Publications & Posters

Serum Neurofilament Light Chain Levels Are Associated With Lower Thalamic Perfusion In Multiple Sclerosis


Jakimovski D, Bergsland N, Dwyer MG, Ramasamy DP, Ramanathan M, Weinstock-Guttman B and Zivadinov R.

Diagnostics 2020, 10(9), 685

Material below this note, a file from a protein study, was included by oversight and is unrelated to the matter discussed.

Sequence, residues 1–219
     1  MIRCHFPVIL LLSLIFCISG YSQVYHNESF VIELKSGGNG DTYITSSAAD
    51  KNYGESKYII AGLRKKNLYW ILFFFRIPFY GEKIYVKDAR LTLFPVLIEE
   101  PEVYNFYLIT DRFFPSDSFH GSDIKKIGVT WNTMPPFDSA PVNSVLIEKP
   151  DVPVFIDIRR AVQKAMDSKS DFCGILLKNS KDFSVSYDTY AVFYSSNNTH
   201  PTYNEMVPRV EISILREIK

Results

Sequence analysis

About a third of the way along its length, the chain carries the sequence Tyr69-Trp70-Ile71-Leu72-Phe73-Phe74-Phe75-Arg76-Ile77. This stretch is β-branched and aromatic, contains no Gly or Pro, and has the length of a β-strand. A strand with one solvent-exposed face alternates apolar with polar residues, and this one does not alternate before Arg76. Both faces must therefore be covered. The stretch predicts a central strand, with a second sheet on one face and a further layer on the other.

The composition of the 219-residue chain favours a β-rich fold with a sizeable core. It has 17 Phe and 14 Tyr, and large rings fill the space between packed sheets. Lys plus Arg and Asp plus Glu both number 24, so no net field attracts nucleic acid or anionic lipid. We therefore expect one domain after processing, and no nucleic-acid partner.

Both perfusion-weighted imaging (PWI) measures and serum neurofilament light (sNfL) chain levels have been independently associated with disability in multiple sclerosis (MS) patients. This study aimed to determine whether these measures are correlated to each other or independently describe different MS processes. For this purpose, 3T MRI dynamic susceptibility contrast (DSC)–PWI and single-molecule assay (Simoa)-based sNfL methods were utilized when investigating 86 MS patients. The perfusion measures of mean transit time (MTT), cerebral blood volume (CBV), and cerebral blood flow (CBF) were derived for the normal-appearing whole brain (NAWB), the normal-appearing white matter (NAWM), the gray matter (GM), the deep GM (DGM), and the thalamus. The normalized CBV and CBF (nCBV and nCBV) were calculated by dividing by the corresponding NAWM measure. Age- and sex-adjusted linear regression models were used to determine associations between the DSC–PWI and sNfL results. False discovery rate (FDR)-adjusted p-values < 0.05 were considered statistically significant. A greater age and thalamic MTT were independently associated with higher sNfL levels (p < 0.001 and p = 0.011) and explained 36.9% of sNfL level variance. NAWM MTT association with sNfL levels did not survive the FDR correction. In similar models, a lower thalamic nCBF and nCBV were both associated with greater sNfL levels (p < 0.001 and p = 0.022), explaining 37.8% and 44.7% of the variance, respectively. In conclusion, higher sNfL levels were associated with lower thalamic perfusion.